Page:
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COPENHAGEN, Denmark, April 15, 2021 (LifeSiteNews) — The head of the Danish Medicines Agency fainted during a press conference announcing that Denmark has become the world’s first nation to permanently halt use of the British-made and abortion-tainted mRNA-derived Oxford/AstraZeneca vaccine.

Following headlines that implicate AstraZeneca’s COVID-19 vaccine in numerous cases of blood clots, some resulting in death, Tanja Erichsen of the Danish Medicines Agency (DMA) on Wednesday suddenly fainted in the midst of the announcement, crashing to the floor and spilling her glass of water.

She was taken to the hospital and has since recovered, according to a BBC report. The cause of her unexpected blackout is not yet publicly known. It is also unknown if she had received the COVID vaccine, at what point, and which one.

Denmark’s decision to permanently stop using AstraZeneca’s jab comes one month after the country suspended use thereof following a death related to a blood clot and amid a growing number of reports of blood clots arising shortly after inoculation with the vaccine within the European Union (EU).

Danish health authorities, the first in Europe to suspend the vaccine’s use for all citizens, had launched an investigation at the beginning of March into the relationship between blood clots and the AstraZeneca vaccine “[d]ue to the temporal association” brought to light by health reports.

The DMA released a statement at the time that confirmed Denmark’s intention, “based on a precautionary principle,” to “put vaccinations with the AstraZeneca vaccine on hold … pending the results of the investigations.”

Now that those investigations are concluded, Danish authorities have deemed the vaccine unfit for stopping the spread of COVID-19, and therefore decided to permanently remove AstraZeneca’s shot from their national vaccination scheme. Officials did not explicitly cite their reasons for the decision.

The director of Denmark’s Health Authority, Søren Brostrøm, did explain that the results of their investigations demonstrated “real and serious” side effects from the AstraZeneca vaccine. “Based on an overall consideration,” he added, “we have therefore chosen to continue the vaccination programme for all target groups without this vaccine.”

A spokesperson for AstraZeneca, commenting on Denmark’s decision to cancel use of its jab, said the pharmaceutical manufacturer respects “the decision taken by Sundhedsstyrelsen [the National Board of Health] in Denmark. Implementation and rollout of the vaccine programme is a matter for each country to decide, based on local conditions.”

Danish authorities have also suspended use of the American-developed Johnson & Johnson vaccine, given the company’s recent withdrawal from the EU market over blood clotting concerns. The American firm also had its vaccine rollout put on hold in the U.S. on Tuesday after concerns were raised by both the Centers for Disease Control and Prevention (CDC) and the Food and Drug Administration (FDA), relating to six “cases of a rare and severe type of blood clot.”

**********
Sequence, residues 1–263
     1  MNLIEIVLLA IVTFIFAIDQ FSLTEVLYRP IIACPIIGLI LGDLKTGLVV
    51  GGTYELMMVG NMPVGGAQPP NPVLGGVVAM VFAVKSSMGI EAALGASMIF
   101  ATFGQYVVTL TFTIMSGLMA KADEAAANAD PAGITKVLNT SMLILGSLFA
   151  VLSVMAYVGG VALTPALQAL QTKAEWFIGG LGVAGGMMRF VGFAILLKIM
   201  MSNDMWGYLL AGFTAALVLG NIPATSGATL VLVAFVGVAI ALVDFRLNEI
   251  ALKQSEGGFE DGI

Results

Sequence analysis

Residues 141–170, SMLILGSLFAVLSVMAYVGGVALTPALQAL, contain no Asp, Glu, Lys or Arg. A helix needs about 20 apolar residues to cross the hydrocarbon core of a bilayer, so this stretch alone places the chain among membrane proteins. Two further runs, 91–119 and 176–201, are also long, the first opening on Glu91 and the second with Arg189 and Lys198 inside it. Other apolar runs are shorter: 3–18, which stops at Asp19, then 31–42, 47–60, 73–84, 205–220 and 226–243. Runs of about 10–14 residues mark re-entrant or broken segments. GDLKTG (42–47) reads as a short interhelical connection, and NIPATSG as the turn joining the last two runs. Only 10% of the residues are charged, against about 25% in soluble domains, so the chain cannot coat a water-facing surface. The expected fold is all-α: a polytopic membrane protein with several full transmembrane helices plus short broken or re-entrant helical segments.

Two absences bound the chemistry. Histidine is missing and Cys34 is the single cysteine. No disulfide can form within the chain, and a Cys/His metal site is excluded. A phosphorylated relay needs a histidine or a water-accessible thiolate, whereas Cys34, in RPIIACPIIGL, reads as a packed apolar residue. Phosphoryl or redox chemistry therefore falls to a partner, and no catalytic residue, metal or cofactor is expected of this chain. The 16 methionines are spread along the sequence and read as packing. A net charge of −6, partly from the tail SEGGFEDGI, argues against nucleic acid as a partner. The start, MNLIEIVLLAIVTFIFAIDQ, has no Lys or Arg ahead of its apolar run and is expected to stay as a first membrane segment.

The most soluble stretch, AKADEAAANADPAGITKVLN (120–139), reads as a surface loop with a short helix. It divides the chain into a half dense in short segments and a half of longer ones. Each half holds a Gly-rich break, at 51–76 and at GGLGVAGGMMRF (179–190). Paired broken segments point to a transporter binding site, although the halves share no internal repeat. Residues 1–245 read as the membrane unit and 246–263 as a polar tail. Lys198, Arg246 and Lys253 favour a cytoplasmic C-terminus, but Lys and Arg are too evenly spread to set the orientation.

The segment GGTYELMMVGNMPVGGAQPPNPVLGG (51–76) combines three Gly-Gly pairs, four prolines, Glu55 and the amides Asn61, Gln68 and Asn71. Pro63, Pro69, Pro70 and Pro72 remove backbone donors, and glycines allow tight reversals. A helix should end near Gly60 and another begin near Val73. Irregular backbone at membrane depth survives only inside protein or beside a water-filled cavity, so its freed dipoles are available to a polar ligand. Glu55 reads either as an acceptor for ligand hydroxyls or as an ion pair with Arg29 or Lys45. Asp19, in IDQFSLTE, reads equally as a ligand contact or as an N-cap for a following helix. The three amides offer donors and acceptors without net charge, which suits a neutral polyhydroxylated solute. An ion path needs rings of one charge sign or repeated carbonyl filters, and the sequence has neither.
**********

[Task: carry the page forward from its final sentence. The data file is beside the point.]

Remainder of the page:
“All six cases occurred among women between the ages of 18 and 48, and symptoms occurred 6 to 13 days after vaccination,” the joint statement reads, adding they are “recommending a pause in the use of this vaccine,” purportedly out of “an abundance of caution.”

Since Denmark’s original suspension of the AstraZeneca jab in March, a slew of European countries put their national rollouts on hold. Germany reined in delivery of the shot twice, the first time in late February for those under 65 years of age, and again at the end of March for those under 60.

Openly homosexual German Health Minister Jens Spahn announced on March 30 that there would be an age restriction on delivery of the vaccine following revelations from Germany’s vaccine regulator that 31 cases of a rare blot clot had been recorded, causing nine deaths in the country. The majority of cases were in women under 65.

Shortly after this date, French officials put a pause on the AstraZeneca rollout due to links between the shot and life-threatening thromboses.

Austria, Estonia, Latvia, Lithuania, and Luxembourg all suspended the use of a suspect batch of the Oxford/AstraZeneca vaccine, citing blood clot concerns.

The poor reputation of AstraZeneca’s vaccine has reached North America, too. Health Canada halted distribution of the vaccine for those under 55 following similar reports of dangerous blood clots forming after taking the jab.

In a joint statement from Canada’s provincial medical offices as well as the national Chief Public Health Officer, an announcement was made that “[a]s Chief Medical Officers of Health, we are acting decisively with our unified position to pause the use of AstraZeneca vaccine in Canada in those under age 55 at this time.”

“We are taking this precautionary measure while Health Canada as the regulator completes its updated risk/benefit analysis based on emerging data,” they said.

The U.S. has never granted an emergency use authorization for this particular vaccine.